From Stray to Star: Heroic Historic Canine Has Connecticut Roots
Heroes can come in all shapes and sizes and genders and whatever else, including species. A hero can be someone or something that isn't human at all, like maybe, a dog. A stray dog, as a matter of fact.
Sergeant Stubby was one such stray dog and the unofficial mascot of the 102nd Infantry Regiment. By all accounts, Stubby was most likely a Boston Terrier or Pit Bull mix, and he served a whopping 18 months and saw action in 17 battles on the Western Front during World War I. Legend has it that Stubby saved his regiment from surprise mustard gas attacks, found and help comfort the wounded, and lore says that he once caught a German Soldier by the pants and held him till Americans arrived.
According to Google, in 2021, at any one time, there are as many as 70 million homeless dogs and cats in the United States. A stray Stubby was found wandering the campus of Yale University in New Haven, Connecticut in the Summer of 1917. Members of the 102nd Infantry Division were training there as they prepared to be deployed when they discovered him. The soldiers made Stubby one of their own, teaching him to salute the commanding officer, and even helping smuggle him all the way to France.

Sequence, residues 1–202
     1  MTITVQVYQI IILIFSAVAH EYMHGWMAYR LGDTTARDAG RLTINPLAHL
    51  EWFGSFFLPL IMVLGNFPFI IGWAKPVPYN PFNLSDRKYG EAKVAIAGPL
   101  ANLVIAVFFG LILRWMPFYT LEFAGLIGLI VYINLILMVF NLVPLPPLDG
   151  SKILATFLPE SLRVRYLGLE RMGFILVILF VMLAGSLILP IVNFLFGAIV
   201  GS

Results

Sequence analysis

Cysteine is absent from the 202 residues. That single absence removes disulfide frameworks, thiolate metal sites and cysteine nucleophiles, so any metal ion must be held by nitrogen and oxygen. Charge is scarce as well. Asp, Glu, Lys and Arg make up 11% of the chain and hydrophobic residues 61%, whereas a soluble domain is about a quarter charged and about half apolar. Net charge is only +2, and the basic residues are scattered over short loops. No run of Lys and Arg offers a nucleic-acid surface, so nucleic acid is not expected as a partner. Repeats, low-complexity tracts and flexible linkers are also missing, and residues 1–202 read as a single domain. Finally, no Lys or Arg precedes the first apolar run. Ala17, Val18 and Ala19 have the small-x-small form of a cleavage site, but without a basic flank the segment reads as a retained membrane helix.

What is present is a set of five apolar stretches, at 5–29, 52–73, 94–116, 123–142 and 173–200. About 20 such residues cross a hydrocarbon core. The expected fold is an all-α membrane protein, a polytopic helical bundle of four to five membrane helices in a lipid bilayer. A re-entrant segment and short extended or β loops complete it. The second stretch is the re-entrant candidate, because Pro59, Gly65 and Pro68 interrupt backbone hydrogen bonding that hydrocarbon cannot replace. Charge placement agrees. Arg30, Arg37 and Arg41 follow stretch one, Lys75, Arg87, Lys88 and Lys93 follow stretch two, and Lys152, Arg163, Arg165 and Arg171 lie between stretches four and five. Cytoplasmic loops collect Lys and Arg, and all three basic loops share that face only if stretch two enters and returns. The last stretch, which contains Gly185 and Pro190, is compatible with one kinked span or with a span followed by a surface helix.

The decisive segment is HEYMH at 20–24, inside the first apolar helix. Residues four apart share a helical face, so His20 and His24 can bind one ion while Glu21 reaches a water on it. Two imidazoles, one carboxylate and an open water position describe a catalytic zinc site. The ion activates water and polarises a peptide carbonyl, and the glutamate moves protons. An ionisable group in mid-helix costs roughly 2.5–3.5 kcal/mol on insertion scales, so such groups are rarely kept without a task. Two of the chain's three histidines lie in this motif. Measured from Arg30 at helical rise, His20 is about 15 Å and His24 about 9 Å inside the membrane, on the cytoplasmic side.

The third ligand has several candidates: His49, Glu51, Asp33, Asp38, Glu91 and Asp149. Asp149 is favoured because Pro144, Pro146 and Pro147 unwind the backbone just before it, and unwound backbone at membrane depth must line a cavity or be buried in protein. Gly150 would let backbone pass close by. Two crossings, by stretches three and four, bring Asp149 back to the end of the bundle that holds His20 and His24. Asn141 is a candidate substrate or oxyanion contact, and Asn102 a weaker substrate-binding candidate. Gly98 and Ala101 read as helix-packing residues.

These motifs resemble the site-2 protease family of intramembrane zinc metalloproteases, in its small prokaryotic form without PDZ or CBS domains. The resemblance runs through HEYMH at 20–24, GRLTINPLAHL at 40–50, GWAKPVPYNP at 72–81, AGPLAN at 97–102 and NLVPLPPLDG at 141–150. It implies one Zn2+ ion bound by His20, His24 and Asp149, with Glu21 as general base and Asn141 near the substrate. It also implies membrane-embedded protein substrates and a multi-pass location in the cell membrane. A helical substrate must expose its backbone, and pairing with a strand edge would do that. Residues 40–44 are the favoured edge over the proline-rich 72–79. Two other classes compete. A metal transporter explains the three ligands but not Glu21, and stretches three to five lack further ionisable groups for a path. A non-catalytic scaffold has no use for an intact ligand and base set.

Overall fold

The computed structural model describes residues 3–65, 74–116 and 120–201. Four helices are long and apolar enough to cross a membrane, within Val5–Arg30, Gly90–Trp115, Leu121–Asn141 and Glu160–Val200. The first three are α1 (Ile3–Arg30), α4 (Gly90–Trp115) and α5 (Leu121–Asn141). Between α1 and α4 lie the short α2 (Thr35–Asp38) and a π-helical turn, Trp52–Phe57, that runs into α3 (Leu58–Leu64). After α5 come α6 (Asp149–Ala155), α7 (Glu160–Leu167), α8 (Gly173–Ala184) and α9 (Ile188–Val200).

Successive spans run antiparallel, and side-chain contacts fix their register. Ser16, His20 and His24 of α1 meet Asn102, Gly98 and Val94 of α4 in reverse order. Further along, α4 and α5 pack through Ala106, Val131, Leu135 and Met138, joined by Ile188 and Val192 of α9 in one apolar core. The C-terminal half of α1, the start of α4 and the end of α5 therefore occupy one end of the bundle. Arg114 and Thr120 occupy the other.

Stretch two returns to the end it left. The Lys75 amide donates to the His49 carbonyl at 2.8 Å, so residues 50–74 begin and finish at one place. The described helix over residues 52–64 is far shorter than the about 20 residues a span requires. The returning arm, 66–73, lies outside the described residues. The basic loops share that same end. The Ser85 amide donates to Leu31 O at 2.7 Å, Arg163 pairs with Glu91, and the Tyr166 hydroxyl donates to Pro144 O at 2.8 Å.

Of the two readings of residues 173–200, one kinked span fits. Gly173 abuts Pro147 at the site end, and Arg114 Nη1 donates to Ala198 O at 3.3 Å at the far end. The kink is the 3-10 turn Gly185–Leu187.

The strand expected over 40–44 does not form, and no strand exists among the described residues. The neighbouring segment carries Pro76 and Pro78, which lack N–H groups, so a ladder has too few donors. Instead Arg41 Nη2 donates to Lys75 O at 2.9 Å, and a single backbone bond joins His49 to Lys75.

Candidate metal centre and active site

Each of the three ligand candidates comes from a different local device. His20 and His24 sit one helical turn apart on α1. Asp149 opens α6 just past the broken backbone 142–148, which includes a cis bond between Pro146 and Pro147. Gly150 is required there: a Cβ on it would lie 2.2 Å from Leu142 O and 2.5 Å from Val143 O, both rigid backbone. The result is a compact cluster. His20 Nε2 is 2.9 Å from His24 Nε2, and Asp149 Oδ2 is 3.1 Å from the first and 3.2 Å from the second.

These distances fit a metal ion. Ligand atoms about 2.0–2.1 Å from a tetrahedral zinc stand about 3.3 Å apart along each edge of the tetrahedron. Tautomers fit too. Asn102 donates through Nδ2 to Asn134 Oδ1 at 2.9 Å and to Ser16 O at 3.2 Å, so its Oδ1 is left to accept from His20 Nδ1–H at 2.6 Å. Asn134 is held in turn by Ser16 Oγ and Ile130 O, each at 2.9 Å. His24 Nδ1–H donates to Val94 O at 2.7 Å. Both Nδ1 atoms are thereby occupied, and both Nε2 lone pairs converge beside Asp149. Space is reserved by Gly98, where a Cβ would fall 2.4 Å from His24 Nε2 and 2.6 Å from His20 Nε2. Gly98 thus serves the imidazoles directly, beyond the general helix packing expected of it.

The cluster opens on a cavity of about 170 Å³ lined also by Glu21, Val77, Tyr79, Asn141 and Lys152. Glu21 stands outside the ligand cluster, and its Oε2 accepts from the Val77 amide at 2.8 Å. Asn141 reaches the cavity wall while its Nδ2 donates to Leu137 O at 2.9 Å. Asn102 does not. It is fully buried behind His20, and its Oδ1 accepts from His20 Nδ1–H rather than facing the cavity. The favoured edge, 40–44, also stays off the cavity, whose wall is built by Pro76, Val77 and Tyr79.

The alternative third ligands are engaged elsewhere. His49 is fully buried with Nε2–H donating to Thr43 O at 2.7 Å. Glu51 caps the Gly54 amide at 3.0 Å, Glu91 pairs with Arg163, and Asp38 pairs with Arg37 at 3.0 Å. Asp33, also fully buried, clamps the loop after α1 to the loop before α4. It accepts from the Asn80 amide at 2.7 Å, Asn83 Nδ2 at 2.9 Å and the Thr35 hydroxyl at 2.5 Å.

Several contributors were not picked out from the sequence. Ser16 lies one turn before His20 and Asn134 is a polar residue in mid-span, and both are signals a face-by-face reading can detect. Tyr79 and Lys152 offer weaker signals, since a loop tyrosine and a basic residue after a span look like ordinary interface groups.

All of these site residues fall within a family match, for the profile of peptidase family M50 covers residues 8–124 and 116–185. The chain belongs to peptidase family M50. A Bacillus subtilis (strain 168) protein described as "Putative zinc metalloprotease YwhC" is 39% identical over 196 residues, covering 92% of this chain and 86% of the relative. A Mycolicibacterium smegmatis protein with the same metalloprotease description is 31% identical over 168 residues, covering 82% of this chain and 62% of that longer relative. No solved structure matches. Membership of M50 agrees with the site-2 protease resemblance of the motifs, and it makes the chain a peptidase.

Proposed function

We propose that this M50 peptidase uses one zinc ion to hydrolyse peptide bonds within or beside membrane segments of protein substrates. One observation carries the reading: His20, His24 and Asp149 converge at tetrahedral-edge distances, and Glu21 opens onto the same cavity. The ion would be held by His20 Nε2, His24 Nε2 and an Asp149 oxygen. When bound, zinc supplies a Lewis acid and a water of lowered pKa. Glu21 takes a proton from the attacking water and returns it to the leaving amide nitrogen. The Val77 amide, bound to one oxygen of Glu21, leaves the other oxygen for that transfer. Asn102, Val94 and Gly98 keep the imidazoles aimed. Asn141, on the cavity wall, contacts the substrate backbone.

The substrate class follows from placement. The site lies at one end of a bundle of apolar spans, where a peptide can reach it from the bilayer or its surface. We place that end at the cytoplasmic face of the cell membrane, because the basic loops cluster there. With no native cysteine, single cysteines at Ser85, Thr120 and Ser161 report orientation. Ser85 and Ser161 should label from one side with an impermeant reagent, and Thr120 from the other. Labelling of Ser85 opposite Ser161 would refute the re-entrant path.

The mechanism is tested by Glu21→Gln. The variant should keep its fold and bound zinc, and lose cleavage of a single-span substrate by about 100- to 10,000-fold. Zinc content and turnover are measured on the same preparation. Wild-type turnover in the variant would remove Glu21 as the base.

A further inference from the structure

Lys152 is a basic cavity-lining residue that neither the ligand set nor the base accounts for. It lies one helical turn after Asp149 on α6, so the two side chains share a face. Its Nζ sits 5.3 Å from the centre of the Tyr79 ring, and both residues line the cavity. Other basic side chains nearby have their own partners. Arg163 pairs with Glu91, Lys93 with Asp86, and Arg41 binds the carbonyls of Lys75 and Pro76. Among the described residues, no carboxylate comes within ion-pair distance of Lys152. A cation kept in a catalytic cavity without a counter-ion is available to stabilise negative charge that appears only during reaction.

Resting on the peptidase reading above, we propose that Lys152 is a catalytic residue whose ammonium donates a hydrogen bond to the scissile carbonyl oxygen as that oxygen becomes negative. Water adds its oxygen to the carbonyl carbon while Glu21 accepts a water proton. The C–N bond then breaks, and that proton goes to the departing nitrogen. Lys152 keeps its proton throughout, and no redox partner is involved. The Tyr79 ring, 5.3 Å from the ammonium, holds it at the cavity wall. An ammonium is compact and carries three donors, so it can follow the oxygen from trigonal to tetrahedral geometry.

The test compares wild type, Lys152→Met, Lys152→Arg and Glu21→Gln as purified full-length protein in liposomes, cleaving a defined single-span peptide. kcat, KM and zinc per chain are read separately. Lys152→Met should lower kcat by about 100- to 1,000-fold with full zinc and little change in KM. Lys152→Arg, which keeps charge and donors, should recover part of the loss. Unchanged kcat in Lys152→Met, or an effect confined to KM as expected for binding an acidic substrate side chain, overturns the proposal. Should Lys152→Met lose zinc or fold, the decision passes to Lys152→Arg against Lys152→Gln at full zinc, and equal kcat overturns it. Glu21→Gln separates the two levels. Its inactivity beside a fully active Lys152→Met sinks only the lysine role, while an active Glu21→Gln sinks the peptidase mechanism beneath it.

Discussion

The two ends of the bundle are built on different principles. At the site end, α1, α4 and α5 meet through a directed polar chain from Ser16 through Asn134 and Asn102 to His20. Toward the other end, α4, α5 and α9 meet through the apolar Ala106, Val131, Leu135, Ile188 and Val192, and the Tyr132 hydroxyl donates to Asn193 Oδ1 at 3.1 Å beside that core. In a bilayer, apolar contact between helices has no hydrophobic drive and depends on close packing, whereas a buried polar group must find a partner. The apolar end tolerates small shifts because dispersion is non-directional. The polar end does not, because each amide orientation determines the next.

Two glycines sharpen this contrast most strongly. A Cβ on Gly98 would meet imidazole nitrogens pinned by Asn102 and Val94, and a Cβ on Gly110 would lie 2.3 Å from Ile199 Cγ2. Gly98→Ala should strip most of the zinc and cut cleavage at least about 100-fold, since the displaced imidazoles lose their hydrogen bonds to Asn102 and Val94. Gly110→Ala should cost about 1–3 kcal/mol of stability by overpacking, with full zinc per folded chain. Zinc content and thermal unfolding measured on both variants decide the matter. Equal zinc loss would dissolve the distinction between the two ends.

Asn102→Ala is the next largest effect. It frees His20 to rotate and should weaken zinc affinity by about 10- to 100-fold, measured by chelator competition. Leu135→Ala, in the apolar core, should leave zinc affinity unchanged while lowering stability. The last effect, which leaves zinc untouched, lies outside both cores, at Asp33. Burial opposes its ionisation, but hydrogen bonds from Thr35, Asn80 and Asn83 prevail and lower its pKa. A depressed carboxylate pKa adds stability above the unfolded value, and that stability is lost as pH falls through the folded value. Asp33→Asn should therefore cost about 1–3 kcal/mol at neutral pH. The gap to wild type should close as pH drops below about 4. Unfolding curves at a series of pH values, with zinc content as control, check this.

Here Stubby receives a medal from General Pershing and the Humane Education Society at a White House ceremony, in 1921. The American Red Cross, the YMCA, and the American Legion all made him an honorary member for life.
Stubby was wounded in battle several times, recovered each time, and came back to the United States a celebrated hero. Stubby is the most decorated war dog and the only dog to be promoted to sergeant through combat. He lead parades, met three Presidents, and served as the Georgetown Hoya's team mascot. If you were asked to name whose remains were kept at the Smithsonian Institution, I bet you would be hard-pressed to name just one. When I say remains, I mean his remains were given to a taxidermist to preserve and are now on display. Here he is with all of his medals on display.
Newspapers all across the country wrote about his exploits adding more and more to his legacy and legendary status. Who could resist stories about dogs doing brave things for their humans, especially dogs that were once strays? There have been countless dog-based movies, Beethoven, Rin Tin Tin, Benji, just to name a few off the top of my head, and Stubby has one too.
One of the fun things about my job is I get to explore all that our area has to offer and since I am new to Connecticut it has been a real learning experience. Discovering the history of Stubby reminded me of my affinity for Underdog cartoons and indeed, heroes come in all shapes, sizes, and species.